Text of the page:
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Author Topic: Nawawi's 40 Hadith explanation  (Read 168234 times)
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« Reply #45 on: January 21, 2011, 12:41:24 PM »


Were have you been 2days or you should provide a chance for us to have a very good understanding of the hadith context have been posted before proceeding?


سْمِ اللهِ، وَالصَّلَاةُ وَالسَّلَّامُ عَلَى رَسُولِ اللهِ

وعليكم السلام ورحمة الله وبركاته

BarakAllahu feek Akhi Karim for your keen interest. MashaAllah.

Recently I have been adding Arabic text in all previously posted Ahadith which took some time. Next Hadith will be very soon InshaAllah.

You are right, this also gives time to have a very good understanding of the hadith context have been posted before proceeding

Aslam u laikum

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« Reply #46 on: January 21, 2011, 12:45:59 PM »

 بِسۡمِ ٱللهِ ٱلرَّحۡمَـٰنِ ٱلرَّحِيمِ


يَا رَسُولَ اللهِ، ذَهَبَ أَهْلُ الدُّثُورِ بِالأُجُورِ، يُصَلُّونَ كَمَا نُصَلِّي، وَيَصُومُونَ كَمَا نَصُومُ، وَيَتَصَدَّقُونَ بِفُضُولِ أَمْوَالِهِمْ، قَالَ: أَوَلَيْسَ قَدْ جَعَلَ اللهُ لَكُمْ مَا تَصَدَّقُونَ؟ إِنَّ لََََكُمْ بِكُلِّ تَسْبِيحَةٍ صَدَقَةً، وَكُلِّ تَكْبِيرَةٍ صَدَقَةً، وَكُلِّ تَحْمِيدَةٍ صَدَقَةً، وَكُلِّ تَهْلِيلَةٍ صَدَقَةً، وَأَمْرٍ بِالْمَعْرُوفِ صَدَقَةً، وَنَهْيٍ عَنْ مُنْكَرٍ صَدَقَةً، وَفِي بُضْعِ أَحَدِكُمْ صَدَقَةً. قَالُوا: يَا رَسُولَ اللهِ أَيَأْتِي أَحَدُنَا شَهْوَتَهُ وَيَكُونُ لَهُ فِيهَا أَجْرٌ؟ قَالَ: أَرَأَيْتُمْ لَوْ وَضَعَهَا فِي حرَامٍ، أَكَانَ عَلَيْهِ وِزْرٌ؟ فَكَذَلِكَ إِذَا وَضَعَهَا فِي الْحَلاَلِ كَانَ لَهُ أَجْرٌ

رَوَاهُ مُسْلِمٌ

Abu Dharr, radiyallahu 'anhu, reported that some of the Companions of the Messenger of Allah, sallallahu alayhi wasallam, said to him:
"O Messenger of Allah, the rich have taken away all the rewards. They observe the prayer as we do, and they keep the fasts as we do, and they give sadaqah (charity) from their surplus riches." Upon this he (the Prophet) said: "Has Allah not prescribed for you (a course) by following which you can also do sadaqah? Verily in every tasbih (i.e. saying Subhanallah) there is a sadaqah, every takbir (i.e. saying Allahu Akbar) is a sadaqah, every tahmid (i.e. saying Alhamdulillah) is a sadaqah, every tahlil (i.e. saying Lailaha illallah) is a sadaqah, enjoining of good is a sadaqah, forbidding of evil is a sadaqah, and having sexual intercourse with your wife is a sadaqah. They (the Companions) said: "O Messenger of Allah, is there reward for him who satisfies his sexual passion among us?" He said: "Tell me, if he were to devote it to something forbidden, would it not be a sin on his part? Similarly, if he were to devote it to something lawful, he should have a reward."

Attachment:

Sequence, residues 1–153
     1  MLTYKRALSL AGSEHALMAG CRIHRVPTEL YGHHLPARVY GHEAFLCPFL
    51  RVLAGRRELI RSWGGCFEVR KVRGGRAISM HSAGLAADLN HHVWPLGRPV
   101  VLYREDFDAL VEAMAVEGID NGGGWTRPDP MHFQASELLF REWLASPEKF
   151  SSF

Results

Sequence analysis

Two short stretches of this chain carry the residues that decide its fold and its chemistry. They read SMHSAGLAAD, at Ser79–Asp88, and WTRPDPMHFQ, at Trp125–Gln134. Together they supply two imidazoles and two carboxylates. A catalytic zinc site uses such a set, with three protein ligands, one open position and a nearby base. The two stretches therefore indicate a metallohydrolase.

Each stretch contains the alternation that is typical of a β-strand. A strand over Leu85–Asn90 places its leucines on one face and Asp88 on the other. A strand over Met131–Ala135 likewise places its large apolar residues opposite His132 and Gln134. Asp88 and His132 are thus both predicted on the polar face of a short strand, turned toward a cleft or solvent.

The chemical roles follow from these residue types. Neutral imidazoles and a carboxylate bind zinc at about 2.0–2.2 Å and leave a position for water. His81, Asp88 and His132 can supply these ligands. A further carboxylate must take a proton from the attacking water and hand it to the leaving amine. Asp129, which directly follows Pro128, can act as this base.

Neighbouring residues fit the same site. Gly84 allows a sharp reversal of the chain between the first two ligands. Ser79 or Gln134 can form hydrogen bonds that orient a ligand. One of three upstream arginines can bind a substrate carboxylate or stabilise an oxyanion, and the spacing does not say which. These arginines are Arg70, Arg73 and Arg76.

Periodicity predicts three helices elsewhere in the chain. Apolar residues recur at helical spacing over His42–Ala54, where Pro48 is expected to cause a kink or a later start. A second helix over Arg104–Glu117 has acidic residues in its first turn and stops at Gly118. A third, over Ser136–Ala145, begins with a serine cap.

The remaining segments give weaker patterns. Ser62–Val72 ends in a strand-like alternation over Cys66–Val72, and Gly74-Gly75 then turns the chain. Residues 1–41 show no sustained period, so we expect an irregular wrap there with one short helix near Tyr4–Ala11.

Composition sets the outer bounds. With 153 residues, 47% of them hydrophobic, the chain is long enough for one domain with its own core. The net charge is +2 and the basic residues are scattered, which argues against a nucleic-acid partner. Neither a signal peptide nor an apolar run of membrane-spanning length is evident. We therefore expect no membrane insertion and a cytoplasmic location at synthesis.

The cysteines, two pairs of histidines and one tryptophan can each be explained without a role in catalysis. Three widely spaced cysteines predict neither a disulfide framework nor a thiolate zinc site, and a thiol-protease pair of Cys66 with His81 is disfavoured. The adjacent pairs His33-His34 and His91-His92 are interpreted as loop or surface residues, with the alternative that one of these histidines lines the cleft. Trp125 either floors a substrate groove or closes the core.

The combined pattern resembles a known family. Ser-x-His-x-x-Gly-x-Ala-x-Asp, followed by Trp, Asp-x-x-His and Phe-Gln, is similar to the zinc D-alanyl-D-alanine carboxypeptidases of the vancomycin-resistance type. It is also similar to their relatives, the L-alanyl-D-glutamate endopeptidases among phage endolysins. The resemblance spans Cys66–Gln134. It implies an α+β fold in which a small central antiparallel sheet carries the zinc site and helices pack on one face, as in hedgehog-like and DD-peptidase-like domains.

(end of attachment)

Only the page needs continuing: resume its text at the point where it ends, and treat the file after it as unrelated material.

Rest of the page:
In another hadith recorded by both Muslim and Al-Bukhari, it is mentioned that the questioners were the poor of the Muhajruun or immigrants from Makkah. Ibn Rajab says that this hadith shows that those poor people thought that giving sadaqah (charity) can only be done through money, something which they could not afford. The Prophet, sallallahu alayhi wasallam, told them that all good deeds are considered as charitable acts.
There are other versions this hadith of Abu Dharr as well as some other hadiths which show similar meanings. One of them is in Sahih Muslim which says that: "Every good act is an act of charity". In another version the hadith, it says: "Your smile to your brother is a charitable act. Ordering good is a charitable act. Forbidding evil is a charitable act. Helping a man who has bad eyesight to see things is a charitable act. Removing a stone, rubbish or bones is a charitable act. Emptying your cup in the cup of your brother is a charitable act."
Also in the Sahihain (Al-Bukhari and Muslim) it is mentioned that "A man spending money upon his wife is charity". In another hadith in the Sahihain it is mentioned that "No Muslim plants a plant or soils a seed and has it eaten by a bird, animal or human except that it will be a charitable act for him".


According to Ibn Rajab, the hadith proves that the Companions of the Prophet, sallallahu alayhi wasallam, were so eager to do good acts and charitable deeds. They had very strong desires to do al-khayr and charity in order to please Allah subhana wa ta'ala. They were sad when they could not afford to donate their money to charity especially as it was being done by some other people. They had a strong desire to spend they wealth and to do good deeds when they saw some members among the Companions doing it. They wanted to be like them in terms of rewards and tawab. They were able to do salah, fasting and other ibadah but one thing they could not do was giving money or sadaqah because they did not have any. But they were told to do more dhikr which is equal to giving money or charity in terms of rewards.